Cell Death Differ 2018; 25:677-690.
Our lab developed a reliable method to isolate primary MSCs from mouse bone marrow and has exploited this technology to interrogate pathways critical for MSC self-maintenance. These studies have uncovered important roles for p53, JNK1, TWIST2, and IP6K1, the function of which are being evaluated in more detail using genetics-based approaches. For example, the lab recently reported that mouse MSCs are highly sensitive to oxygen-induced stress via a p53-dependent mechanism, and careful examination of MSCs from p53 null mice uncovered an indispensable role for this protein in normal MSC maintenance. These findings have important implications for use of immortalized cell lines as surrogates to study MSC biology and reveal new mechanisms by which p53 regulates multi-potency and the cellular redox balance. Similarly, the lab also reported that loss-of-function of IP6K1 enhances MSC fitness in vitro, and skews cells toward an osteogenic fate at the expense of adipogenesis. We have also shown that TWIST2 functions to promote growth and inhibit multi-lineage differentiation of MSCs. Consequently, the lab continues to employ mouse and human MSCs to conduct basic studies in stem cell biology. We are also developing cell-based screening applications for MSCs to be used in drug development.
ACS Chem Biol 2015; 10:2267-2276.
Breast cancer is among the most common cancers in the U.S. and while early diagnosis is critical to successful treatment outcomes, survival rates for patients with advanced disease remain low. Our laboratory identified a microRNA cluster located within the highly imprinted DLKI-DIO3 genomic locus whose expression was found to be dysregulated in invasive ductal carcinoma. One microRNA in the cluster, miR-544 was found to be highly induced in breast adenocarcinoma cells in response to hypoxic stress and subsequent studies revealed miR-544 suppressed growth regulatory and energy utilization pathways thereby driving tumor adaptation to such stress. The lab has since pursued a two-pronged approach to develop RNA-targeting therapeutics capable of modulating the activity of miR-544 in cancer. Specifically, a rationale-design based approach pioneered by the Disney lab was used to query over 900 small molecule–RNA motif binding partners to identify compounds that are predicted to bind UU internal loops within the miR-544 hairpin precursor. Five potential heterocyclic lead small molecules were identified using this approach, and their bioactivity and in cellulo selectivity for miR-544 were evaluated using a novel fluorescent-based miRNA-drug interaction screening platform developed by in our lab that is capable of high-throughput application. We have shown that several promising lead compounds inhibit miR-544 maturation with high selectivity and specificity and sensitize breast cancer cell lines to killing by 5-fluorouracil and hypoxia at a 25-fold lower concentration than a 2’-O-methyl RNA antagomir designed to target miR-544. These small molecules also block growth of tumor xenografts in mice by direct modulation of the target microRNA, thereby providing proof-of-concept that RNA- directed chemical probes can serve as novel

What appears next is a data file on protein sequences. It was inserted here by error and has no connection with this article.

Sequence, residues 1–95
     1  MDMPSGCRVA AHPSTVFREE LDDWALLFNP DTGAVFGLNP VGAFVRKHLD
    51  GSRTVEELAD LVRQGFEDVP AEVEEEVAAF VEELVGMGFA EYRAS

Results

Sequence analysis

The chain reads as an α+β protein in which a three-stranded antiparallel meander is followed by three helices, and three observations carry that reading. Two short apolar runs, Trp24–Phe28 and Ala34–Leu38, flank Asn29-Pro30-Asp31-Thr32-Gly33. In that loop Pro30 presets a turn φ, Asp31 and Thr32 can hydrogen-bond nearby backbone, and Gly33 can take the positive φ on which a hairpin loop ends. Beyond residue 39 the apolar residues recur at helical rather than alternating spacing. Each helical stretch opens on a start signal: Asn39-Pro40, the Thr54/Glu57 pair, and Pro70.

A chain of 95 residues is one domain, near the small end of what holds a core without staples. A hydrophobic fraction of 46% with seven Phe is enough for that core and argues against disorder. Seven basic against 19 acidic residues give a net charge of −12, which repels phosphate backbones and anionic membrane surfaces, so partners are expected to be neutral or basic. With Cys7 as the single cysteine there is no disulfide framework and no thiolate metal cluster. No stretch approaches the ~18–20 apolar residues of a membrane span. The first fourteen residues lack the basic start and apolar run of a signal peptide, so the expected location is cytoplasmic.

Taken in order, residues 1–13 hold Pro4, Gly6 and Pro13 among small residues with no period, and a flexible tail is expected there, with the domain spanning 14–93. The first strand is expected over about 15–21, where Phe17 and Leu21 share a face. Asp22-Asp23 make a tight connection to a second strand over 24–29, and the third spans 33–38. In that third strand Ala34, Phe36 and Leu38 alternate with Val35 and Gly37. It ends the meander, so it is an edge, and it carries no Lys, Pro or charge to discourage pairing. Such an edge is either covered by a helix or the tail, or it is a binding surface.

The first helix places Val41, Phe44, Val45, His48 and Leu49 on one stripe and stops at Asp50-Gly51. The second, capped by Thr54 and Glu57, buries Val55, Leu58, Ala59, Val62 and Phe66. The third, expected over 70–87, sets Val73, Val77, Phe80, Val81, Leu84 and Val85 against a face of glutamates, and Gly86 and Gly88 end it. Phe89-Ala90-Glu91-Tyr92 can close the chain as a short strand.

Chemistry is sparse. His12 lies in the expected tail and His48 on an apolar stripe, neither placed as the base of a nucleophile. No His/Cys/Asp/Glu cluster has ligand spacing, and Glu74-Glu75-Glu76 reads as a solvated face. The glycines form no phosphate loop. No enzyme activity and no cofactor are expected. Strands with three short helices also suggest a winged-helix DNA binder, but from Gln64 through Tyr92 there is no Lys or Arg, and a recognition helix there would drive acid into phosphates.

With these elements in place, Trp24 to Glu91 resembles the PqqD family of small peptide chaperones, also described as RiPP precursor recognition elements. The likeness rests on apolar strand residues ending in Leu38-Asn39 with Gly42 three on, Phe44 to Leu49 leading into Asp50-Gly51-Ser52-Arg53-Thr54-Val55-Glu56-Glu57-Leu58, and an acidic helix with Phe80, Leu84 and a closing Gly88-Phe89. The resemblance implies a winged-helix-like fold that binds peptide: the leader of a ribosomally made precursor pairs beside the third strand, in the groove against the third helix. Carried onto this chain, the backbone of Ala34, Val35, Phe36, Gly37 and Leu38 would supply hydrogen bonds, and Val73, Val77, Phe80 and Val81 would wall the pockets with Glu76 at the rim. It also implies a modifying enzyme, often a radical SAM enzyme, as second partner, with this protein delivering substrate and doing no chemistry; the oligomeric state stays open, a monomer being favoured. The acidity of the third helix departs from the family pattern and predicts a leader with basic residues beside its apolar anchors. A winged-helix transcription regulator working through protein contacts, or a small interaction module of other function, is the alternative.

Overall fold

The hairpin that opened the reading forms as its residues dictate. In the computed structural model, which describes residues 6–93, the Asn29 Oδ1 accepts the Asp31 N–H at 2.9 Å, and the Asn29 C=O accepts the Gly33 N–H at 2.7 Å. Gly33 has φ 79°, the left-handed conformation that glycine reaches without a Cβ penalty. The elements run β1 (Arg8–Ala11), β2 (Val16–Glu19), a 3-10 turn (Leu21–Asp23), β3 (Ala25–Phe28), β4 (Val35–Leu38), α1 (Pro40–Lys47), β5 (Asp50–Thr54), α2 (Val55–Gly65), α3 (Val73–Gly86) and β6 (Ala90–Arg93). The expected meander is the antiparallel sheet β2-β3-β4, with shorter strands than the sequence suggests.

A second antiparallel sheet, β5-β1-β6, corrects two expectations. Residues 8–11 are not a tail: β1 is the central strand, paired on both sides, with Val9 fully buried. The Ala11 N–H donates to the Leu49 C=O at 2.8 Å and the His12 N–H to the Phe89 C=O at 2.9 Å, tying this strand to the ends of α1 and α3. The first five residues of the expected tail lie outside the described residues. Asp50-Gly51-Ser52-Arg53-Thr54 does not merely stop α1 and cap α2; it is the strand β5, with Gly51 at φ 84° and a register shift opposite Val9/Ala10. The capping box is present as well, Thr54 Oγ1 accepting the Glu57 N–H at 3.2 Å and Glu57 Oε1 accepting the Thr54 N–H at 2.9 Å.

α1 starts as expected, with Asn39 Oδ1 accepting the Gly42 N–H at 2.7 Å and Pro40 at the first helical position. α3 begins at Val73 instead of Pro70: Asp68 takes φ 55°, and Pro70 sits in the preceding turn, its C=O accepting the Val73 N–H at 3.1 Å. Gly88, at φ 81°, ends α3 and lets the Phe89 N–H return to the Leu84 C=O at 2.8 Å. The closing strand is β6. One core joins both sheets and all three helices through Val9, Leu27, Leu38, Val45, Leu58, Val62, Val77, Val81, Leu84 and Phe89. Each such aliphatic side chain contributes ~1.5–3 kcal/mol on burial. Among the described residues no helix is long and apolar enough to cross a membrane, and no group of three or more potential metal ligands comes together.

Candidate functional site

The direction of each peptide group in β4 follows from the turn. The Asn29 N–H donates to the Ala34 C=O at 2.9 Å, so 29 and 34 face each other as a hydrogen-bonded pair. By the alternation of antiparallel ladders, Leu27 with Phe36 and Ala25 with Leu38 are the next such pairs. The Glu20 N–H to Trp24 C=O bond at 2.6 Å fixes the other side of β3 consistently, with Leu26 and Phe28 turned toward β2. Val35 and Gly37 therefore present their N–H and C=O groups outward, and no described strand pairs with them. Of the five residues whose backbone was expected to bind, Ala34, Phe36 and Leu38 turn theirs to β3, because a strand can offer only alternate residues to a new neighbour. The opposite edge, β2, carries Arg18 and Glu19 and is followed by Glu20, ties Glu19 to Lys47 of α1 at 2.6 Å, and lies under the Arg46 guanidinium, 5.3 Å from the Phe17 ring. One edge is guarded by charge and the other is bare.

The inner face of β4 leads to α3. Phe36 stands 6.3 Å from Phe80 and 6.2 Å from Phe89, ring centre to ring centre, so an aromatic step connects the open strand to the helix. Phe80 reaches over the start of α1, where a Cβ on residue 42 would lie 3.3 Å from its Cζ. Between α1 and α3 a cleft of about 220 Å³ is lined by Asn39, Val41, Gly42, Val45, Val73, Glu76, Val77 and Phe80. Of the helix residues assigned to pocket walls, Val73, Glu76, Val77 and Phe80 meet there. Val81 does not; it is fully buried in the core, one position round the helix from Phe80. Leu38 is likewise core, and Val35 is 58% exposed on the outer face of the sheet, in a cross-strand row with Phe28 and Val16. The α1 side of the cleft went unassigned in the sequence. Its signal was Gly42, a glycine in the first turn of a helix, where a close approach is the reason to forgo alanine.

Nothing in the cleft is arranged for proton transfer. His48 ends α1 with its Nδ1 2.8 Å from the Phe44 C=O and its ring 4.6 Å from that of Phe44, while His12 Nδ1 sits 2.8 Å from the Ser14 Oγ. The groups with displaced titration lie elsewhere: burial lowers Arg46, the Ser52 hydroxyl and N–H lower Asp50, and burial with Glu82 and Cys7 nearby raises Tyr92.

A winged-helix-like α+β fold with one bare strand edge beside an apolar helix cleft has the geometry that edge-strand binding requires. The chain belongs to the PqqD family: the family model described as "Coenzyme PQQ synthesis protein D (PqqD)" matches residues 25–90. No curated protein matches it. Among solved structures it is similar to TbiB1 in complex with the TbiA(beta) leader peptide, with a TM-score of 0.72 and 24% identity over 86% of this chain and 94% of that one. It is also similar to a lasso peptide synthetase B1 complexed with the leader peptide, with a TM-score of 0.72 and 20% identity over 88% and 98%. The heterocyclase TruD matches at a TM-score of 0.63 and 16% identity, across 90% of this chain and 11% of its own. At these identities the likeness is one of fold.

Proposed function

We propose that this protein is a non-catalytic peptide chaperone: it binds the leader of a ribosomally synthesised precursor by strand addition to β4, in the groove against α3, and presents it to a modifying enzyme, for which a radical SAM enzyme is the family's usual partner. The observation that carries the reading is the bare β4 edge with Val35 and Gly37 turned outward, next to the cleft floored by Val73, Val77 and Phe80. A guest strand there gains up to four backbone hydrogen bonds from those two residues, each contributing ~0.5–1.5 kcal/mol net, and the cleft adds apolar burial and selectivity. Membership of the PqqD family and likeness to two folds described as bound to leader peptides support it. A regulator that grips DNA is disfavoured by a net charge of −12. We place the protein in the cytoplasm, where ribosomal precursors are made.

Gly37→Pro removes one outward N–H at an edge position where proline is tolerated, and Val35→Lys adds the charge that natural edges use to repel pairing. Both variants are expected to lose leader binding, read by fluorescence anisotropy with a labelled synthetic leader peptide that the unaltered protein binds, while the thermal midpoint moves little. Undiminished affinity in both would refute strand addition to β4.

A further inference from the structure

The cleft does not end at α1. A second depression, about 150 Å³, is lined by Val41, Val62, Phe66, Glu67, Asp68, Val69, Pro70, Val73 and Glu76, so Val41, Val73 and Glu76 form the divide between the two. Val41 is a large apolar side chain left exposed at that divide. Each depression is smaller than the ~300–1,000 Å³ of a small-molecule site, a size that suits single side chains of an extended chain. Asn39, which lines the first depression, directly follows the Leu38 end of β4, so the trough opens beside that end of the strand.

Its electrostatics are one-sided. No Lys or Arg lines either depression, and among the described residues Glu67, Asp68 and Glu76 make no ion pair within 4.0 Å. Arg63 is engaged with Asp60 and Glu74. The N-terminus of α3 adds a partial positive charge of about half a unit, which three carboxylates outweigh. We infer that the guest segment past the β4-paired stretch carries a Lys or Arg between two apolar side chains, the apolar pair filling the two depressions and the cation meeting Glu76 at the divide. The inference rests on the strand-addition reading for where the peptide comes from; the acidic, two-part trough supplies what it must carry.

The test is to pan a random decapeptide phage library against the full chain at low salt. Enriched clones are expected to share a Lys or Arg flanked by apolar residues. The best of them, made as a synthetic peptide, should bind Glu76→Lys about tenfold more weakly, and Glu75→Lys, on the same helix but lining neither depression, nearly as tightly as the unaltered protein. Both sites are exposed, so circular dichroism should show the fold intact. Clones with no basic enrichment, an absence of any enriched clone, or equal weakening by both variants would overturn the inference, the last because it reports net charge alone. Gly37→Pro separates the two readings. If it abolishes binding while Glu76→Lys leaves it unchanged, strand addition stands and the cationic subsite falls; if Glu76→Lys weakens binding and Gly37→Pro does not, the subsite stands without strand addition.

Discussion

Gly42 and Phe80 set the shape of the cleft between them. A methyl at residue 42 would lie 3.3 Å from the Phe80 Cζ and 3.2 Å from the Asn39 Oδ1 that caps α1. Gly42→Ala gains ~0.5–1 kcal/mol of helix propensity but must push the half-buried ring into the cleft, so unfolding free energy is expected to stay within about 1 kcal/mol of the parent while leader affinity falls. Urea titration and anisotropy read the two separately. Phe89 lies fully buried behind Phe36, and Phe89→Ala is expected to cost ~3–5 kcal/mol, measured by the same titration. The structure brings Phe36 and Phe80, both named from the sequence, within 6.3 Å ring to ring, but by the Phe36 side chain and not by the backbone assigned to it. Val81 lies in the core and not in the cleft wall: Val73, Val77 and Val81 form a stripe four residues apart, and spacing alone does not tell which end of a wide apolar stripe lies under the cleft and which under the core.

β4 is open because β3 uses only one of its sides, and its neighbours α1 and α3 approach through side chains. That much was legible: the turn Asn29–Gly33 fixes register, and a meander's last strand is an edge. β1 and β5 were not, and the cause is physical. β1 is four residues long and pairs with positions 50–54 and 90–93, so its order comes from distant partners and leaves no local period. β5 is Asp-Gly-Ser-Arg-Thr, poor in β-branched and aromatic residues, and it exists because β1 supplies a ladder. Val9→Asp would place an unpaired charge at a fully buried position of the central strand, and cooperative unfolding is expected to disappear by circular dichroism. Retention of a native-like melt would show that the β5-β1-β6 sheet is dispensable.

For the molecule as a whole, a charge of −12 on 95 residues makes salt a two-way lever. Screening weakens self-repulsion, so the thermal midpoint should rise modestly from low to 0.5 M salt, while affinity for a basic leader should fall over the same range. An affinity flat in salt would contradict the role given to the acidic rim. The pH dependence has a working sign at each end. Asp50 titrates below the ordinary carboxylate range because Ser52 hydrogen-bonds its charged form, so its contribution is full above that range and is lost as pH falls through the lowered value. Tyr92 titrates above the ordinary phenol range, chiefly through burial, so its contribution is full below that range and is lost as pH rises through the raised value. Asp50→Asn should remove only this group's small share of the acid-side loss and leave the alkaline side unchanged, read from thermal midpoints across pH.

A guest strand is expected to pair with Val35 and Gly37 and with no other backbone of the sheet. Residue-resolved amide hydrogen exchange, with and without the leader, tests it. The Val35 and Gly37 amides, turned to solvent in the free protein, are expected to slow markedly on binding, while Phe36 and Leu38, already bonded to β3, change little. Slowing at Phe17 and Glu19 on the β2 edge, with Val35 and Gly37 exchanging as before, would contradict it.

lead therapeutics. Recent studies in the lab have shown that other lead compounds may enhance the potency and expand the range of immuno-therapies by augmenting antibody dependent cellular cytotoxicity (ADCC) killing of breast cancer cells. Studies are ongoing to develop optimized 2nd generation compounds with improved pharmacokinetics for clinical development.